Sorption of heavy metal ions from two- or three-component solutions

Heavy metal ions sorption on eight ion exchangers was performed, and the results were published e.g. in [31,32,33,34, 47,48,49] and are presented in this paper. As it was proved Lewatit MonoPlus TP 220 is an efficient sorbent for noble metal ions removal (Pd(II), Pt(IV) and Au(III)), particularly for Pd(II) as well as for Cu(II), Co(II), Ni(II), Zn(II) removal, especially for Cu(II). Due to this fact sorption was also carried out from the two-component solutions containing Pd(II) and Cu(II) (Pd(II)–Cu(II), eight ion exchangers) and three-component solutions (Pd(II), Pt(IV), Au(III); Lewatit MonoPlus TP 220).

The results of Cu(II) sorption from two-component solutions and their comparison to those obtained from single solutions were analysed and are depicted in Fig. 6 (chosen examples) and Table 4.

Figure 6
figure6

Comparison of the amount of heavy metal ions (Pd(II) or Cu(II)) sorbed on a Lewatit MonoPlus TP 220 and b Lewatit MonoPlus SR 7 from acidic solutions (experimental conditions: mj = 0.5 ± 0.0005 g, V = 0.05 L, Co = 100 mg M(II)/L, Vas = 180 spm, A = 8, T = ambient, t = 24 h)

Table 4 Comparison of the amount of heavy metal ions sorbed on the ion exchangers under discussion from single and two-component solutions

The presented results lead to the following observation:

  • the effectiveness of Cu(II) and Pd(II) ions removal from the single and two-component solutions is slightly (Lewatit MonoPlus TP 220) or significantly different for the remaining tested ion exchangers,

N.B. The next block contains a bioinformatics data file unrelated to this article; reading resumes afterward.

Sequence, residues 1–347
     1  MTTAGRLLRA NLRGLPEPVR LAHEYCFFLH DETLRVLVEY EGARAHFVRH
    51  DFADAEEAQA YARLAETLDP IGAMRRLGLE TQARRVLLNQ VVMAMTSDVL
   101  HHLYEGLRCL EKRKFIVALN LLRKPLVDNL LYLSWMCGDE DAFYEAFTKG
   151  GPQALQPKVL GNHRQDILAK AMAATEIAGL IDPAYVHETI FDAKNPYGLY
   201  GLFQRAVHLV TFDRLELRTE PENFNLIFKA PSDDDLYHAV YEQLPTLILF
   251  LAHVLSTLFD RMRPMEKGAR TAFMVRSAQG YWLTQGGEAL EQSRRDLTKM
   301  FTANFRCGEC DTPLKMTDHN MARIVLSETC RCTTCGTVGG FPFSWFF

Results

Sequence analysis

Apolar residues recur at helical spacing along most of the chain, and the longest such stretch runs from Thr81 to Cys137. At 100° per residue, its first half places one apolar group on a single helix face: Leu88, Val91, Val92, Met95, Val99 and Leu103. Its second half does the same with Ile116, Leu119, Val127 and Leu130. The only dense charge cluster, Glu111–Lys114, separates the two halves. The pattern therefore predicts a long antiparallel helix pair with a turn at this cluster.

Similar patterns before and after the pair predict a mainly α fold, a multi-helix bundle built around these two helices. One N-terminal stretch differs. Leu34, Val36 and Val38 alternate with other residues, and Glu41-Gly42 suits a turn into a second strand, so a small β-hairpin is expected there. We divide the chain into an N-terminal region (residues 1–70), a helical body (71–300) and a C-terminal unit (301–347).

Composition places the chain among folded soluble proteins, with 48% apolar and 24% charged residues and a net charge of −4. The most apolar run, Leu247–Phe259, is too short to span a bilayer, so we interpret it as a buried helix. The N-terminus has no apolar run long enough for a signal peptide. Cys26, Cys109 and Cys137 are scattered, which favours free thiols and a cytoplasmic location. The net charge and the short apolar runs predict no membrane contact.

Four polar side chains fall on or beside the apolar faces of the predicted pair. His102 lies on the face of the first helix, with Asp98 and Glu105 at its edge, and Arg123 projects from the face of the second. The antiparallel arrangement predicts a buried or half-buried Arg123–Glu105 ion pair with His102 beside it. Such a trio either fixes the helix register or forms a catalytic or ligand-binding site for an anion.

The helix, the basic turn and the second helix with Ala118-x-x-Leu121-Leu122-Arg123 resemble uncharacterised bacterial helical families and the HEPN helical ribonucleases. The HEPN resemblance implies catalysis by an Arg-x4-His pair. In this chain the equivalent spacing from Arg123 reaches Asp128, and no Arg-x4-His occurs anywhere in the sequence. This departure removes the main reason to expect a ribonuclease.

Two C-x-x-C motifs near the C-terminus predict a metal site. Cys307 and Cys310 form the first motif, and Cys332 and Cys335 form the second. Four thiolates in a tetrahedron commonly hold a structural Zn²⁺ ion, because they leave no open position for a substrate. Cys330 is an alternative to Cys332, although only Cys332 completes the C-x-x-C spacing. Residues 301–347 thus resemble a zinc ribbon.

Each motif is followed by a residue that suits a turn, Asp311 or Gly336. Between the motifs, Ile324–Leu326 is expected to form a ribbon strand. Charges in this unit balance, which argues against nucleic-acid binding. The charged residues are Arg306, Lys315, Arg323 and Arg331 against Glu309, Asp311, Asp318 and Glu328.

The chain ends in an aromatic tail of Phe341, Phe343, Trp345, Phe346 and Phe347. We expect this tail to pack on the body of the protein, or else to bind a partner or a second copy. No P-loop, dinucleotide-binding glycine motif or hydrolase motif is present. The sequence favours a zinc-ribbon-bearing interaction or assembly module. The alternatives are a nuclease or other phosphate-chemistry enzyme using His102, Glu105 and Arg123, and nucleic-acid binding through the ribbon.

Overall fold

• in the case of the ion exchanger Lewatit MonoPlus TP 220 (Fig. 6a) for which the Pd(II) and Cu(II) removal efficiency from single solutions is high (removal efficiency is equal to 100% or slightly lower, qt values in the range 9.1–10 mg/g) no significant changes of this efficiency in the two-component solutions are observed. The competitive effect of these heavy metal ions is not pointed out, and the coordination mechanism using N donor atoms of the bis-picolylamine functional groups takes place [31],

  • in all other cases Pd(II) sorption efficiency or amount of Pd(II) sorbed from single solutions is high, quantitative removal from the diluted acidic solution is observed, and then the values of qt decrease with the hydrochloric acid increase; opposite situation is observed in the case of Cu(II) sorption from single solutions (qt values usually increase with the hydrochloric acid concentration increase) [31,32,33,34, 47,48,49]. The diversified effectiveness of the Cu(II) and Pd(II) removal process is related to the form in which these metals exist in the solution under discussion which is dependent on the acidity of the medium, the total concentration of the chloride ions and temperature. In acidic solutions (0.1–6 M HCl), various forms of Cu(II) and Pd(II) chlorocomplexes can be formed or they can exist in the form of cations or inert chlorocomplexes [31, 50,51,52,53]:

    • Cu(II): [CuCl4]2−—exists when HCl concentration is in the range 1–4 mol/L; [Cu2Cl6]2−—exists when HCl concentration is in the range 5–10 mol/L; decrease in acidity results in [Cu(H2O)6]2+ formation; in the Cl ions presence (0.5–1 mol/L)—weaker acidic media the following reaction takes place: 2[CuCl2] ↔ [CuCl3] + [CuCl]+ [31, 50,51,52],